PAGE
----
Why Run a Design Sprint?

This year at the 99U Conference, The Design Gym and I had the opportunity to lead a Studio Session in which we discussed why Design Sprints are important and explored how to customize them for you and your team. The following two-post series is a high-level share out of what we discussed.

We’ve all developed a great idea that has suffered an untimely death. There are tons of reasons why even the best ideas don’t get the buy-in they deserve—bureaucracy, organizational inertia, initiative fatigue, the list goes on and on.

That’s because getting to a great idea is only half the battle. The other half is the process you use to develop that idea, including who’s involved, what activities you conduct and how you collaborate. When a process feels flat and lacks organizational excitement and momentum, the culprit is often, what we call, a lack of project mojo (a.k.a. a project’s sex appeal).

To be successful, you can’t just focus on the quality of your idea, you also need to focus on the quality of your process. (Tweet this!)

That’s one of the reasons we love Design Sprints—they’re a great process for helping you both generate killer ideas and move those ideas forward. In other words, Design Sprints help you get that project mojo going. (So many memes, so little time.) They can also help you protect against three common issues that kill project mojo:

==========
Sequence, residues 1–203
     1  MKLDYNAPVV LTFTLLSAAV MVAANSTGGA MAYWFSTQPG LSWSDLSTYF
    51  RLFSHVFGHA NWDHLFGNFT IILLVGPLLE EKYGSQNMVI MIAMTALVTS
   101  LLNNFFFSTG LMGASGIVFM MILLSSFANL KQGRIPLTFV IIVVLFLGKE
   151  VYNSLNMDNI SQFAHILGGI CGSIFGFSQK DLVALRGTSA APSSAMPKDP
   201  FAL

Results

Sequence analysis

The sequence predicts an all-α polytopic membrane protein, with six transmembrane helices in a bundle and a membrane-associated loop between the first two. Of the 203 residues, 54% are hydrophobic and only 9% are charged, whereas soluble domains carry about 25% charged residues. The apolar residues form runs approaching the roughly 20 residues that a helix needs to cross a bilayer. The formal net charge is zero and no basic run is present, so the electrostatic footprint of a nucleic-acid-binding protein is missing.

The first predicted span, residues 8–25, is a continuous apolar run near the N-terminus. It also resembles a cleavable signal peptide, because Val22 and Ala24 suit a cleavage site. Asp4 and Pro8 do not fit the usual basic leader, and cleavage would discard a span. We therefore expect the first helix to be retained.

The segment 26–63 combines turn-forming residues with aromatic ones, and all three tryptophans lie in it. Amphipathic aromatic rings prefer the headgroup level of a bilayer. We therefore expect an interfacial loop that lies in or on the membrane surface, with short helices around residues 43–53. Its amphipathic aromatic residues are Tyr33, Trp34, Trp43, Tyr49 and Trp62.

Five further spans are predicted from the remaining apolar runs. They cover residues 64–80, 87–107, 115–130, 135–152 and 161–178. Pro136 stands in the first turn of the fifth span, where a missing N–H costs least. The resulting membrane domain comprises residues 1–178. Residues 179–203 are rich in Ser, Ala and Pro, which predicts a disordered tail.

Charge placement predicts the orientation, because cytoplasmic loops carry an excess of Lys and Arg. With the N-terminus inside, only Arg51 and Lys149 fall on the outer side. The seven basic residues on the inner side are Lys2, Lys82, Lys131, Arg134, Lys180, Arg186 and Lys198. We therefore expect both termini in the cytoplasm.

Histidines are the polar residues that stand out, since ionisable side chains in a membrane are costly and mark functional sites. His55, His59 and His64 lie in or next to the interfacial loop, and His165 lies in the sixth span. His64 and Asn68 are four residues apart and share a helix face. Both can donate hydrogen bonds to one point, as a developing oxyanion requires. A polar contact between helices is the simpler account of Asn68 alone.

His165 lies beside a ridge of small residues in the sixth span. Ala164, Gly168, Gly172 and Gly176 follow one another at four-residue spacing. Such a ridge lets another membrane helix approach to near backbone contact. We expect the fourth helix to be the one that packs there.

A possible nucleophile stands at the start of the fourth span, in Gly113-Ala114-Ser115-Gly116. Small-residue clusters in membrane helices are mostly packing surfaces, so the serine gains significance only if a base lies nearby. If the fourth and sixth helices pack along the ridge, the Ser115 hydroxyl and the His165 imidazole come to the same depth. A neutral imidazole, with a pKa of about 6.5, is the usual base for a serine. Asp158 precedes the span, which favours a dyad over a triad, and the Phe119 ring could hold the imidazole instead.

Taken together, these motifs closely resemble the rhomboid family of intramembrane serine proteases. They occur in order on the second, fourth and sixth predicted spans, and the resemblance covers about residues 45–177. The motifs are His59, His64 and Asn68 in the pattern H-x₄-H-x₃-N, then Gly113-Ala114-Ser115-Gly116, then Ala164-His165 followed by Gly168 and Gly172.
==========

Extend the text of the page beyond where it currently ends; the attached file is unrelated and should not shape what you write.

1. No one gives a shit about your project.

People have to care about your project in order to commit their time and energy to making it happen. If there’s no personal investment in your project, it doesn’t matter how great your idea is or what else you do—your project will probably die.

2. Your project is too complex.

Let’s say you get people to care and they’re engaged in your project. If the project is too big or lacks a clear focus, it won’t matter. People will feel confused and overwhelmed. And ultimately, enthusiasm around your project will dissipate like helium in a week-old birthday balloon.

3. People don’t have time to think.

Finally, even if the right people are bought in and your project has a tight objective, you still might struggle. That’s because people are crazy busy (btw, thanks for reading this far). We’ve all got a lot going on. And the constant starts and stops, eventually, make it impossible to build positive momentum and morale around your project.

Bring In the Design Sprint

A Design Sprint is an immersive experience where a team collaborates, focuses, and makes progress on a problem using design thinking methods in rapid succession. Design Sprints are a useful tool for combatting project mojo killers. They’re like an extra-large can of Red Bull—a way to kickstart a project that’s at risk of losing its mojo.

So, maybe a Design Sprint is the right tool for your project. Now what? Time to talk customization. Hop on over to the next post to find out more about how you can design the right Sprint for you and your organization. Spoiler alert: It involves an alliterative tool.

Jason Cha

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